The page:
I’m being naughty and sneaking a moment away from the Simile API to review my paper for the Museums Computer Group Web Adept conference tomorrow, and have discovered that Mike (sitting next to me) has already blogged and put up photos.
I’m at the Mashed Museum developer/hack day – the room is silent except for the clatter of keyboards and the occasional sigh.
I’m having a go at generating dynamic XML data sources from collections data sources for the Simile Timeline widget; it’ll be interesting to see if we can link this with Google maps mash-ups that other people are producing.
Why Your Web App Sucks lists basic but important reasons why your web application might suck.
I’ll post this around the various lists but I am still thinking about how best to phrase it. I’m not a geo-geek and I’m never quite sure if I’m using the right language to describe whatever it is I’m talking about.
We’ve been having more conversations about how we can use tagging to publish more information about LAARC photos. This would allow us and our users to explore, use and compare site photos in lots of different ways. Eventually it may also be applied related data streams such as archaeological finds/museum objects and related media, but for the moment we’re just exploring what we can do with an existing platform like Flickr.
Using machine tags to add latitude and longitude looks simple enough, and seems there’s a de facto standard for geo:lat and geo:lon. But is there a similar de facto (or proper) namespace standard for machine tags for UK National Grid references? Leave a comment or email me if you know of any, or even if you’re just using them yourself.
I’ve been following this issue with interest. Read the full letter here.
Members of Antiquist, Digital Classicist, the Text Encoding Initiative, and Digital Medievalist believe that the AHDS’s services play a vital role within the Digital Arts and Humanities. We are concerned that the consequences of this decision could be severe unless part of a larger strategy of support and have issued the following request for information…
I missed this comCast report at the time (September 2006).
“Web 2.0 is clearly architected for participation, as it attempts to harness the collective intelligence of Web users,” commented Bob Ivins, managing director of comScore Europe. “Many of the sites experiencing the fastest growth today are the ones that understand their audience’s need for expression and have made it easy for them to share pictures, upload music and video, and provide their own commentary, thus stimulating others to do the same. It is the classic network effect at work.”
While uniformly demonstrating strong traffic growth, UGC sites are also adept at keeping users engaged.
File under ‘fabulous resources that I doubt I’ll ever get time to read properly’: the Journal of Universal Computer Science, D-Lib Magazine (‘digital library research and development, including but not limited to new technologies, applications, and contextual social and economic issues’) and transcripts from the Research Library in the 21st Century symposium.
On the other hand, Introduction to Abject-Oriented Programming is a very quick read, and laugh-out-loud funny (if you’re a tragic geek like me).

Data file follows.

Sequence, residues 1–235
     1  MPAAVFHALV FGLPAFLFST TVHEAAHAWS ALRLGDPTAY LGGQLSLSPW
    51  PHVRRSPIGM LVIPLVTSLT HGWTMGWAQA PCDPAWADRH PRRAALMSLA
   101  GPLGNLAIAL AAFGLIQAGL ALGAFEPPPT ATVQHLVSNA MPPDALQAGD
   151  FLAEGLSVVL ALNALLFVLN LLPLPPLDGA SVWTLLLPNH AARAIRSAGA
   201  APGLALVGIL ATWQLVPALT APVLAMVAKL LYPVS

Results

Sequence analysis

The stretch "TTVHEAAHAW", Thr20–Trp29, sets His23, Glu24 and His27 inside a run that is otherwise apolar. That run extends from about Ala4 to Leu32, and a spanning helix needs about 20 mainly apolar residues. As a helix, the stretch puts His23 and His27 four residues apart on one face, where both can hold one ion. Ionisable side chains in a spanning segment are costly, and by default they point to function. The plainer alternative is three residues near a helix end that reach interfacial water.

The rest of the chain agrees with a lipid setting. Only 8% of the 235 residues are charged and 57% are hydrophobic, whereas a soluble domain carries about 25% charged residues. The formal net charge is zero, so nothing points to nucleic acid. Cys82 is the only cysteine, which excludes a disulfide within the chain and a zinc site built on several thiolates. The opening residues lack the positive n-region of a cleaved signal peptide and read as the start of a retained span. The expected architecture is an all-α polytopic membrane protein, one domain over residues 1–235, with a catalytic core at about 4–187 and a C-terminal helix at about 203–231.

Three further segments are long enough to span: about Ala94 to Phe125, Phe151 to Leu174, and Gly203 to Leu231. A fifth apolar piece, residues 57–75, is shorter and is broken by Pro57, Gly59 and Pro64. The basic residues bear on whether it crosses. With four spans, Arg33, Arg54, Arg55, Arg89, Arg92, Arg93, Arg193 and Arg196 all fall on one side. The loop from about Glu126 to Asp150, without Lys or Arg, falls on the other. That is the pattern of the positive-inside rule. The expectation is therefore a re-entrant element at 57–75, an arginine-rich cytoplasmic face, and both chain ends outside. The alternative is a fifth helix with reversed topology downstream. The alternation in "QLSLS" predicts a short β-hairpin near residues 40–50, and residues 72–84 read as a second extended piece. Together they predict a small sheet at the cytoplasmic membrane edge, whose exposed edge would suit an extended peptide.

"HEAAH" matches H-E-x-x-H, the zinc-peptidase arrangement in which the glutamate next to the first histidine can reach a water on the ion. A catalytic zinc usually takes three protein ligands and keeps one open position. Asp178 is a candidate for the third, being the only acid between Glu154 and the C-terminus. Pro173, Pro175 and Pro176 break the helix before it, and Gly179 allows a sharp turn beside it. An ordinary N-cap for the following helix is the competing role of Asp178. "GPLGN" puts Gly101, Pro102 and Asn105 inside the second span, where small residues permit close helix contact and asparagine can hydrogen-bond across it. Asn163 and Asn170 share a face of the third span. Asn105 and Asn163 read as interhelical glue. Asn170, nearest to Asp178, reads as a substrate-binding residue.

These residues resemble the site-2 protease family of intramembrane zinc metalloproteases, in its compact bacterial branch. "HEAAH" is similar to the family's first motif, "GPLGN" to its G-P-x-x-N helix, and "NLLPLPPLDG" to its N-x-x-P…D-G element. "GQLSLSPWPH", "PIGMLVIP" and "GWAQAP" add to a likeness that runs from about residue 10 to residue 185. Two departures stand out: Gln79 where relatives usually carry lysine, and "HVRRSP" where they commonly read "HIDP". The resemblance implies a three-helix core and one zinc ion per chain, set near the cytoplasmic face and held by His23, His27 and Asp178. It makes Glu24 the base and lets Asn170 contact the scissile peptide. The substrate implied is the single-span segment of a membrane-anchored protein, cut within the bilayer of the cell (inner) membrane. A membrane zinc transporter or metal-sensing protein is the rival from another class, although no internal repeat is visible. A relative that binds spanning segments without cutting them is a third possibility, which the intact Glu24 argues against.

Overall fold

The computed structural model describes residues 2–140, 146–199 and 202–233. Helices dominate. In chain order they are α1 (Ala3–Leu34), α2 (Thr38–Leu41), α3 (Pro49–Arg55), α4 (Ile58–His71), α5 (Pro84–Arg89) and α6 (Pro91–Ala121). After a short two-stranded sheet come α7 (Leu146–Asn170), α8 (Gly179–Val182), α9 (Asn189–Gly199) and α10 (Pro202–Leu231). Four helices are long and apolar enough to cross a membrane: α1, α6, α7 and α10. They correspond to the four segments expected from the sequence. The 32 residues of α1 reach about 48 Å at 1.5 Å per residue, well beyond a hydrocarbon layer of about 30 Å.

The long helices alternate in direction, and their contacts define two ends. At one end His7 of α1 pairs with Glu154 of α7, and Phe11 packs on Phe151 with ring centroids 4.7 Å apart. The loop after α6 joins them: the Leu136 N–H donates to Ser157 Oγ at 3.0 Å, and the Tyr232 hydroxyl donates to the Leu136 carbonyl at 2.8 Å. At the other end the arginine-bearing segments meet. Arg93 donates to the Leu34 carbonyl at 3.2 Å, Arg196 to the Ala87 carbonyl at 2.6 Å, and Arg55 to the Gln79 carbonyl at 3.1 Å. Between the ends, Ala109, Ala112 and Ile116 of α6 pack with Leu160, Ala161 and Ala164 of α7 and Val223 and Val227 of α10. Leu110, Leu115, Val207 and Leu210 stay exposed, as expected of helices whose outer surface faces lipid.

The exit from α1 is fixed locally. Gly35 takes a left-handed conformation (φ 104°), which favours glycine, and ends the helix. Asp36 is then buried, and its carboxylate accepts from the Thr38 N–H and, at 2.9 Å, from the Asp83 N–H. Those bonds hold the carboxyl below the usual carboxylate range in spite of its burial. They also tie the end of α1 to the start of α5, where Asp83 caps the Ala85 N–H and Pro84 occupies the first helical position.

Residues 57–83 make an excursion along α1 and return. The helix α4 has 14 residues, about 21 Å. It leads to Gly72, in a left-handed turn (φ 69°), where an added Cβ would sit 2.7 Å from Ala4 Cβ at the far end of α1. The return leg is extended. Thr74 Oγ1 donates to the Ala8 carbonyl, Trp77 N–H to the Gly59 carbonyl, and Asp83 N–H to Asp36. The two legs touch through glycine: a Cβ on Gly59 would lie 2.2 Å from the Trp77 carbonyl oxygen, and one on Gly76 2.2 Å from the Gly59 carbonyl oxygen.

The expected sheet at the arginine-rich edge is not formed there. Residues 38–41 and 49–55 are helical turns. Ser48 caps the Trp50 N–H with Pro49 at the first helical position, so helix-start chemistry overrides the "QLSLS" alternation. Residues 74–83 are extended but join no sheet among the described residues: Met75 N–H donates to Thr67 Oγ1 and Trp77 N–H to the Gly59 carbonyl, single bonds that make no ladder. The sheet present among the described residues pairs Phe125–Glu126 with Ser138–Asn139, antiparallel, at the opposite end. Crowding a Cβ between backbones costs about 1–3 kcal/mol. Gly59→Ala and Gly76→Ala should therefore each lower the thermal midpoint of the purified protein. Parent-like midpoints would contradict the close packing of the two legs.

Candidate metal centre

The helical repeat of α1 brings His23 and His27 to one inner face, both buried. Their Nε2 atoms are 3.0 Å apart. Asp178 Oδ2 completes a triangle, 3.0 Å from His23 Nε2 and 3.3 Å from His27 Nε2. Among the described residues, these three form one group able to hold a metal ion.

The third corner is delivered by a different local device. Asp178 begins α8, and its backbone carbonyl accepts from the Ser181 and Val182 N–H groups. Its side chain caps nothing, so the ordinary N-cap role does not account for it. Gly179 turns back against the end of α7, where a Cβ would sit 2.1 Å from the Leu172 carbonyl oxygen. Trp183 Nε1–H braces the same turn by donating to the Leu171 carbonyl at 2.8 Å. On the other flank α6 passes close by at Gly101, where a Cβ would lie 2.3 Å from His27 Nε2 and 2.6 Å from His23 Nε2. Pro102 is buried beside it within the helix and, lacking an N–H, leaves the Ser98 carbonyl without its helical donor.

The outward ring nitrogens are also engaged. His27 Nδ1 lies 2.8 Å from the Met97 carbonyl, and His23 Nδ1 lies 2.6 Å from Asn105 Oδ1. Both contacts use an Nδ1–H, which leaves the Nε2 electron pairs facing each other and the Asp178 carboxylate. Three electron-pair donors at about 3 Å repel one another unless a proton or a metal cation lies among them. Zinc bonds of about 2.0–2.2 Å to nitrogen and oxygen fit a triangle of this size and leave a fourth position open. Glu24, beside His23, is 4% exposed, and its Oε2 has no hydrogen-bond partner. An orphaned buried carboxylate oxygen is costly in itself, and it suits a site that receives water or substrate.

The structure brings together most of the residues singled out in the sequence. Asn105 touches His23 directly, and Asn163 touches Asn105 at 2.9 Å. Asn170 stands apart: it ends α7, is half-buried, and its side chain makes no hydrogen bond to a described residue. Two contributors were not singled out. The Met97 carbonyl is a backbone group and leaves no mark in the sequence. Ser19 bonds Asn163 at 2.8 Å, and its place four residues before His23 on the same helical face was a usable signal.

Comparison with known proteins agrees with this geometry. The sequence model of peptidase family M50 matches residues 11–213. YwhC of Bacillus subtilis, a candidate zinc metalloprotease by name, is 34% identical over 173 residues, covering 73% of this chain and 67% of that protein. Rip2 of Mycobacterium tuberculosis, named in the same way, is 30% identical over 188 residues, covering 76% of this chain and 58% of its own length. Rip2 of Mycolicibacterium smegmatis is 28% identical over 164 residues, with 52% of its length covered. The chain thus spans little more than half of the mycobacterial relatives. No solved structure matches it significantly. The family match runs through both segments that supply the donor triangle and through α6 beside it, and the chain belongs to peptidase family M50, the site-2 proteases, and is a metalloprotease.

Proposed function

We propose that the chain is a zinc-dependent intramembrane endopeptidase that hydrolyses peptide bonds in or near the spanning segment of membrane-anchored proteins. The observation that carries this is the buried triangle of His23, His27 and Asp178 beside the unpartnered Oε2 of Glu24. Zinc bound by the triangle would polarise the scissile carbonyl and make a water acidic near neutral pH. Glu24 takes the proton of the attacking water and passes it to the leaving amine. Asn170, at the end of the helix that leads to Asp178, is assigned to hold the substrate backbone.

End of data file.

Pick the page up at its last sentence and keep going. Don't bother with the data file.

Ok, so we already knew that. But this comScore report confirms that if we want to reach younger audiences, the internet is the place to do it: “U.K. Teens and Young Adults Spend 24 Percent More Time Online Than the Average Internet User”.
And, “The comScore study revealed that many of the sites with particular appeal to the 15 to 24 age segment fall into the Social Networking category, including Facebook.com, Bebo.com and Tagged.com. Other properties with strong teen and young adult appeal include ARTISTdirect Network and Alloy, which are news and entertainment sites.”
From the BBC:
Government must do more to embrace Web 2.0 tools and communities, says a report.
The report said that some public data, such as post codes, was already widely used but much more could be done to open up access to official information.
It said public data should be published in open formats to encourage use.
The review, called The Power of Information, aimed to find out more about Web 2.0 tools and communities to see how the government can get involved to help Britons make the most of this “new pattern of information creation and use”.
The review was intended to “explore the role of government in helping to maximise the benefits for citizens from this new pattern of information creation and use.”
The report encouraged the government to do more to ensure a good fit between web communities and official information to “grasp the opportunities that are emerging in terms of the creation, consumption and re-use of information”.
The authors recommended that the government work more closely with existing sites and communities that share official aims; do more to help innovators use public data and work to ensure people know what to do with public data and how to get at it.
Among 15 specific recommendations the report said the government should not set up its own sites if existing web communities do a good job of getting information to people.
It also said it should speed up efforts to put data in open formats and publish under terms that let people freely use it.
They’ve linked to a PDF of the report at Power of Information report.